Haynesville Natural Gas Production Hits Record High In Late 2021

Haynesville Natural Gas Production Hits Record High In Late 2021
Dry natural gas production from the Haynesville shale play in Texas and Louisiana reached new highs in the second half of 2021 and remained relatively strong in early 2022.

Dry natural gas production from the Haynesville shale play in northeastern Texas and northwestern Louisiana reached new highs in the second half of 2021, and production remained relatively strong in early 2022.

According to data by the EIA, Haynesville natural gas production accounted for about 13 percent of all U.S. dry natural gas production in February 2022.

Haynesville is the third-largest shale gas-producing play in the United States. The Marcellus play in the Appalachian Basin – mainly in Pennsylvania, West Virginia, and Ohio – is the highest-producing shale gas play in the United States.

In 2021, an average of 31.7 billion cubic feet per day (Bcf/d) of natural gas was produced from the Marcellus play. In the Permian play in Texas and New Mexico, production averaged 12.4 Bcf/d in 2021, making it the second-highest producing play. Altogether, the Marcellus, the Permian, and the Haynesville account for 52 percent of U.S. dry natural gas production.

EIA said that natural gas production in Haynesville declined steadily from mid-2012 until 2016 due to its relatively higher cost to produce natural gas compared with other producing areas.

At depths of 10,500 feet to 13,500 feet, wells in the Haynesville are deeper than in other plays, and drilling costs tend to be higher. Years of relatively low natural gas prices meant it was less economical to drill deeper wells. However, because natural gas prices have increased since mid-2020, producers have an incentive to increase the number of rigs in operation and use those rigs to drill deeper wells.

By comparison, wells in the Marcellus in the Appalachian Basin are shallower – between 4,000 feet and 8,500 feet.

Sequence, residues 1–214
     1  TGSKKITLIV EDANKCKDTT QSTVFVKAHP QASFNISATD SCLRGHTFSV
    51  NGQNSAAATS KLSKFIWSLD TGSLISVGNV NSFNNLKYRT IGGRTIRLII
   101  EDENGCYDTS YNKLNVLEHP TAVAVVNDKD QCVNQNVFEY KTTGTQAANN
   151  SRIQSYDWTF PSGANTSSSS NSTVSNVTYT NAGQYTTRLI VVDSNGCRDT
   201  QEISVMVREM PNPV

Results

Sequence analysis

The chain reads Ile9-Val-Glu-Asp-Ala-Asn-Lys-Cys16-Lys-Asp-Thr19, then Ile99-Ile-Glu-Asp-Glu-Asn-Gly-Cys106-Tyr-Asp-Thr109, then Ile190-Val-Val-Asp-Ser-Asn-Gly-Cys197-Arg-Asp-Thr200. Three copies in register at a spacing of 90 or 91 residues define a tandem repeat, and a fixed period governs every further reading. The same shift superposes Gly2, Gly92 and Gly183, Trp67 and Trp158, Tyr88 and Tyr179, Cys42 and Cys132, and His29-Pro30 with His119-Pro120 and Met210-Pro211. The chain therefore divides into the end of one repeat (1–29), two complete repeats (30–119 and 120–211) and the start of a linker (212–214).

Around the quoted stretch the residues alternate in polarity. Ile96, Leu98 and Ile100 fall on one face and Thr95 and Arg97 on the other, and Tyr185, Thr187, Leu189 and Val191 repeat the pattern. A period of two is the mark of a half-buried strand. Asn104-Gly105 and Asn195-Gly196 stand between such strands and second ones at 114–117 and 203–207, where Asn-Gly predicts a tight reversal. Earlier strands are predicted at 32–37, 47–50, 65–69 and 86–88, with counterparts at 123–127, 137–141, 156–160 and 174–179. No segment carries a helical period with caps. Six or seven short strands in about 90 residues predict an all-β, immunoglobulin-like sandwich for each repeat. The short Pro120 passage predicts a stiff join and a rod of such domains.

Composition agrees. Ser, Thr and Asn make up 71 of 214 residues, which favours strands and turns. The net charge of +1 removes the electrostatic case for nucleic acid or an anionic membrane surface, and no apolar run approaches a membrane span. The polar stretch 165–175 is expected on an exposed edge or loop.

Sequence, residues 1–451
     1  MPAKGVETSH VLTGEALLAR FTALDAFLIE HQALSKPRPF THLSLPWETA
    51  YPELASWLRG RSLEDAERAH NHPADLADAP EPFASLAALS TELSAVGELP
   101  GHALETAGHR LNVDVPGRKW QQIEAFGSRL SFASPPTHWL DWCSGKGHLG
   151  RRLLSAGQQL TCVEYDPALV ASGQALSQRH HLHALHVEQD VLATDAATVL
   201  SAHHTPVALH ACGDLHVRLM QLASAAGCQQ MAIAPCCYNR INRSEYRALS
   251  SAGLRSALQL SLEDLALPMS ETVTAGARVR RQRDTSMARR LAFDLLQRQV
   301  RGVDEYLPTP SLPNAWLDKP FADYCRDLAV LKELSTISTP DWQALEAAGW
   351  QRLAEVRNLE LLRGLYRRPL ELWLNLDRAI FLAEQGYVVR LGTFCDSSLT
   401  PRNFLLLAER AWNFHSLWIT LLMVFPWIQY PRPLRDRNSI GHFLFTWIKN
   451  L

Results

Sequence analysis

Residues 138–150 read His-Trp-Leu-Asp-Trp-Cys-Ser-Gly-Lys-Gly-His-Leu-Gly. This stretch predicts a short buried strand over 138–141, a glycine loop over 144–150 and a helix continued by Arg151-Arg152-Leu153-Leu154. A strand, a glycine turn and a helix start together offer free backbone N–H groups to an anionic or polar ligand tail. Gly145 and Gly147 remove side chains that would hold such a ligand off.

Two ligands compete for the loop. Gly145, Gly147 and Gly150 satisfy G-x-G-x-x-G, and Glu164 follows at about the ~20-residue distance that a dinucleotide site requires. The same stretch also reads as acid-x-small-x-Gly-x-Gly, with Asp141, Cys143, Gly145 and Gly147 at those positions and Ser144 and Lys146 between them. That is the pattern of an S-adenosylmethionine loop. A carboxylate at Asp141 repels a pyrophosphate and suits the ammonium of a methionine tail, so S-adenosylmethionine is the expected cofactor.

Producers tend to increase or decrease the number of drilling rigs in operation as natural gas prices fluctuate. The number of natural gas-directed rigs in Haynesville has been rising steadily since the second half of 2020 and reached an average of 46 rigs in 2021, according to data by Baker Hughes.

EIA added that producers have added 17 rigs in the Haynesville region since the beginning of 2022. For the week ending April 8, 64 natural gas-directed rigs were operating in Haynesville, representing 45 percent of natural gas-directed rigs currently operating in the United States.

Pipeline takeaway capacity out of Haynesville has also increased in recent years. The additional capacity allows producers to reach industrial demand centers and liquefied natural gas terminals on the U.S. Gulf Coast.

The Enterprise Products Partners’ Gillis Lateral pipeline and the associated expansion of the Acadian Haynesville Extension entered into service in December 2021.

Before that project, Enbridge Midcoast Energy’s CJ Express pipeline entered service in April 2021. These projects added 1.3 Bcf/d of takeaway capacity in the Haynesville area, which is currently estimated to total 15.9 Bcf/d.

To contact the author, email bojan.lepic@rigzone.com


What do you think? We’d love to hear from you, join the conversation on the Rigzone Energy Network.

The Rigzone Energy Network is a new social experience created for you and all energy professionals to Speak Up about our industry, share knowledge, connect with peers and industry insiders and engage in a professional community that will empower your career in energy.